About these ads
  • Following Us

  • Categories

  • Check out the Archives

  • Of Interest…

    nightcrawler9 furye gonegirl9 theequaliser7 sincity-adametokillfor8 ifistay6 intothestorm7 howtotrainyourdragon2g jerseyboys1a xmen-daysoffuturepast3 theamazingspiderman2q rio2e captainamerica-thewintersoldier14 noah13 muppetsmostwanted6 needforspeed7 thegrandbudapesthotel7
  • Awards & Nominations

Non-Review Review: The Tempest

This film was seen as part of the Jameson Dublin International Film Festival.

I have to admit that I have a soft spot for Julie Taymor’s Titus. It was a punk rock adaptation of perhaps Shakespeare’s trashiest play, and it was a fusion which just worked. The Tempest, on the other hand, is a very different beast. Far from being one of the Bard’s more easily forgotten plays, it has been one of his most highly regarded since its revival in the nineteenth century. It is, despite some outward cynicism, a far more optimistic and (dare I say it?) lighter piece than the orgy of death and destruction in Titus Andronicus. So Taymor’s skills aren’t quite as perfectly in step as they might be. That said, she’s still a remarkable director with a keen visual sense, and the movie manages to be engaging and entertaining, despite a few missteps.

It's a kinda magic...

The Tempest holds a somewhat controversial place in the grand Shakespearean canon. There’s a widely-held belief that it was his final work. Of course, this is contested, with other historians suggesting it is his last solo work and some arguing that it isn’t anything resembling a final work at all. However, the idea that this play might have been the last time that most important writer in history put pen to paper is a romantic one – it’s one that many people reading the play would like to believe.

The Tempest as originally written is about an ageing wizard making peace with the world. If you believe magic (at that time a taboo subject) is a stand-in for theatre, than the ageing Prospero is a stand-in for Shakespeare himself. Using what might be best described as “rational” magic and a water sprite which might as well stand in for Shakespeare’s creative imagination, Prospero conspires to bring several strands together. The first strand is a flirtation between his daughter and the Prince of Naples – a love which Prospero feels the need to throw a few hurdles to block, “lest too light winning, make the prize light.” So, basically, to create some drama to give the story a sense of scale.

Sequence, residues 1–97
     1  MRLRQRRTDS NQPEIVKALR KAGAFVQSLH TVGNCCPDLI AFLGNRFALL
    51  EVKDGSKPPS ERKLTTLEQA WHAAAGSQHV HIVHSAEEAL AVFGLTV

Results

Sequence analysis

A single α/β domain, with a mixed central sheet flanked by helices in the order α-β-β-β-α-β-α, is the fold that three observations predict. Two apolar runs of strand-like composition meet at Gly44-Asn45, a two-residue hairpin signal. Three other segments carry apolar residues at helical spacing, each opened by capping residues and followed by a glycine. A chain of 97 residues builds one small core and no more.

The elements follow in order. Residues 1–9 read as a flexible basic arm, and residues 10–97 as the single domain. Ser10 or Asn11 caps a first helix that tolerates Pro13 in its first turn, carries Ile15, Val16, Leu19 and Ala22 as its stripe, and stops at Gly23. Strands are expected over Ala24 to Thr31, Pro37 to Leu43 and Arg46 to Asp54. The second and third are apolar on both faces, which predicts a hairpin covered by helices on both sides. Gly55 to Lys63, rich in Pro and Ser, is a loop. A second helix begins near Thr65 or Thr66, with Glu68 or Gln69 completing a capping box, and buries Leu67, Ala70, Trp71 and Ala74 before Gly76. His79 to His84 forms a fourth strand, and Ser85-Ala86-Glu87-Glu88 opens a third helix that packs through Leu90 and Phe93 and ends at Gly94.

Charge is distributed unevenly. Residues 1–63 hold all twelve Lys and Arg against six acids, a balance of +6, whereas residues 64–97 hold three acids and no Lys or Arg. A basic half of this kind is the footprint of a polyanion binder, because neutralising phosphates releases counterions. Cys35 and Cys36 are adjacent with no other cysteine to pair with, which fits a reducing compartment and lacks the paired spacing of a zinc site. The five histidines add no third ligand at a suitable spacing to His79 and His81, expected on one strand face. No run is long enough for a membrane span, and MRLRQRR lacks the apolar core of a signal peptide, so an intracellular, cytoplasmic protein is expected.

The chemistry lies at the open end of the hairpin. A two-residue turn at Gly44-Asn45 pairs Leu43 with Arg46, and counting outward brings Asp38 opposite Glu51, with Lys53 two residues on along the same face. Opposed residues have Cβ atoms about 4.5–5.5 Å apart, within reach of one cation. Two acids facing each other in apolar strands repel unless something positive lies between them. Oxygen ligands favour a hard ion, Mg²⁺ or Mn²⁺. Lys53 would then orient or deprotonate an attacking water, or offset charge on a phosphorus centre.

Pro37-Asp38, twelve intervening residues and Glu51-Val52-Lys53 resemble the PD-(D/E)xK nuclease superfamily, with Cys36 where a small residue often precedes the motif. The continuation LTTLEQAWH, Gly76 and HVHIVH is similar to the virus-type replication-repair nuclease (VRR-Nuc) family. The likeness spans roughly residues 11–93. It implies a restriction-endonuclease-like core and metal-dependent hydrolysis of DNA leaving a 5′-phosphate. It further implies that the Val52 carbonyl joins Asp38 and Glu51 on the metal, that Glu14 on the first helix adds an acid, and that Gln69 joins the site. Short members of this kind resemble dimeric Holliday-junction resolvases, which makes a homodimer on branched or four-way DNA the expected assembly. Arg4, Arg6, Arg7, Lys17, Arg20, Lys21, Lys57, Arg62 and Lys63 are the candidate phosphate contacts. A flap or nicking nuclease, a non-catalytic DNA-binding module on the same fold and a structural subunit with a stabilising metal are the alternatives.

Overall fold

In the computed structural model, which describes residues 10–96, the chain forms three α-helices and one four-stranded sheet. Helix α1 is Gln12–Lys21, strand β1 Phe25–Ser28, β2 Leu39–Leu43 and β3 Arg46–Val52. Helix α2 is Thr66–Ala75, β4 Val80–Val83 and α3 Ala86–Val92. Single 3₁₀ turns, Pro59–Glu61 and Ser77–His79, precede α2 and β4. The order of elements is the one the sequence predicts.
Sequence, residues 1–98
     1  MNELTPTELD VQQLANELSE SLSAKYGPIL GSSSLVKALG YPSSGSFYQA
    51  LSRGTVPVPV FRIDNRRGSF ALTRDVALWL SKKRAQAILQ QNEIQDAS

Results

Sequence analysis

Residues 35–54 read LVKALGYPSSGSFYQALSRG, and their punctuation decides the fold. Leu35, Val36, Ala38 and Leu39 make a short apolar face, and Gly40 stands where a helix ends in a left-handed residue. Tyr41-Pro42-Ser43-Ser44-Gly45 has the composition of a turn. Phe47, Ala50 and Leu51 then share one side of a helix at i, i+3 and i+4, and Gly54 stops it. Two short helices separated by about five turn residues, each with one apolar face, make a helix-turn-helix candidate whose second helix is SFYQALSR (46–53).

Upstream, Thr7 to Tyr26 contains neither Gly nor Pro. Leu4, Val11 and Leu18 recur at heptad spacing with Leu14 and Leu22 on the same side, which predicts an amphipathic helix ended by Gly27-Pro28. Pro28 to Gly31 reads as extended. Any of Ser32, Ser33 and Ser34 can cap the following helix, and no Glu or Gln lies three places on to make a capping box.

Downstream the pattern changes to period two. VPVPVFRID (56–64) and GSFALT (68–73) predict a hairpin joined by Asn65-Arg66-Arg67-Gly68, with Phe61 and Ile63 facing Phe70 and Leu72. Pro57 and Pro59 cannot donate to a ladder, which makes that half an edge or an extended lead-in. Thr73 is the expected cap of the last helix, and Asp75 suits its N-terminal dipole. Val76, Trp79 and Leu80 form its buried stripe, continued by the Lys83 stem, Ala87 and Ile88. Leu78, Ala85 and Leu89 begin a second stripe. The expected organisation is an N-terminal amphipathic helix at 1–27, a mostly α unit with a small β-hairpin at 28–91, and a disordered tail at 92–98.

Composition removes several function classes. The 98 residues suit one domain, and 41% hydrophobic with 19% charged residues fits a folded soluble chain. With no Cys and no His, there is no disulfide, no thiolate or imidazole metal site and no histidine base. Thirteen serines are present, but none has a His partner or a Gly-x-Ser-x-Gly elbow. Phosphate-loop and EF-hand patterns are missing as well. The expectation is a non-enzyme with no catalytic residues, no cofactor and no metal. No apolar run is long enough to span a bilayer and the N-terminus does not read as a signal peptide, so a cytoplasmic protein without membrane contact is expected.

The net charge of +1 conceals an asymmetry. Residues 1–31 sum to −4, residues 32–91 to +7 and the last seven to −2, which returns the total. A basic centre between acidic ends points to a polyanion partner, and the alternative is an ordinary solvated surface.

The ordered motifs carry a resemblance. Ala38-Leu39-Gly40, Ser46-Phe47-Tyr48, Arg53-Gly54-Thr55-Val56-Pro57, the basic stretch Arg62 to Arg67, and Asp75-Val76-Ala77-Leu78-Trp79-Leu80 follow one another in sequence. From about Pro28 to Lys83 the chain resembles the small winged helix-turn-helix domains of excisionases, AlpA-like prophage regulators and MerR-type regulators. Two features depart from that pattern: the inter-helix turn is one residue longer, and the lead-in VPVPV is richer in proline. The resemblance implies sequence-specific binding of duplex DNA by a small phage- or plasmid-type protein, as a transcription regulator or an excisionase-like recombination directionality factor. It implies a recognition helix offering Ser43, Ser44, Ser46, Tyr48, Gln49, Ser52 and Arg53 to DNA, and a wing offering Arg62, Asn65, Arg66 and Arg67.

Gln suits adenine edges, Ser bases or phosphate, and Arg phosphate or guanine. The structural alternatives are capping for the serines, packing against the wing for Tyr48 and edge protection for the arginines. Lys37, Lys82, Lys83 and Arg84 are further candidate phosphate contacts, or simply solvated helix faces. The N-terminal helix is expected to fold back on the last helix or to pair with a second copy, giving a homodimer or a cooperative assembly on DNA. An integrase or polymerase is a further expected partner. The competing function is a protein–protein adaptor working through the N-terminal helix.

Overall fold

Can Mirren Prosper(a)...

The second strand is that of a tragedy. A king who has lost his son, wandering with a wise old man, his brother and a treacherous Duke. This story is punctuated with betrayal and ambition, like so many of Shakespeare’s fine tragedies. However, what’s remarkable is that [spoiler alert, but you should know this] nobody dies. In the end, rather than indulging bloodlust or revenge, Prospero takes mercy on them. After all, as much as the writer may need to strike down his characters in order to satisfy the demands of plot, he will also grow to empathise with them. If the nymph Ariel can grow to feel for them, “shall not myself, one of their kind, that relish all as sharply, passion as they, be kindlier moved than thou art?” Doesn’t the writer need to feel it perhaps more intensely than the audience in order to write it?

The third strand is typical Shakespearean farce, with undertones of social commentary. We have Prospero’s slave (and that’s a word that pops up repeatedly throughout the work) accompanying two fools through the island, as they fundamentally misunderstand the very nature of their surroundings. They are not killed, but they are punished for their impudence, and – again – Prospero takes mercy on them, just once. It’s nice to think that this was the last thing that Shakespeare wrote, the story of a writer deciding to have mercy upon the characters in his little drama.

Clouds on the horizon...

Enough about the play. I’m not a Shakespearean scholar, and I probably do the author a disservice by even trying to discuss it. Let’s talk about Taymor’s adaptation of the play. The first and most striking aspect of the production is the decision to change the gender of Prospero (making her Prospera). Julie Taymor claims that this wasn’t a “gimmick”, it was merely because Helen Mirren was the best person for the part. Mirren is great, and more than good enough to forgive the decision to recast the role.

However, it would be foolish to pretend that changing the gender of the lead character doesn’t alter the underlying themes of the work. In a play which only had one female role (the role of Prospero’s daughter, Miranda) and which explored the notion that Miranda’s life was just as manipulated and controlled as the other inhabitants of the island Prospero had essentially colonised, the fact that only one female character appeared was important. Admittedly, recasting the banished Prospero as a woman does add an extra dimension to her exile from a world ruled by men. It’s a big change, but it’s not a cosmetic or shallow one – Taymor knows what she’s doing, and I respect her for that.

All the King's men...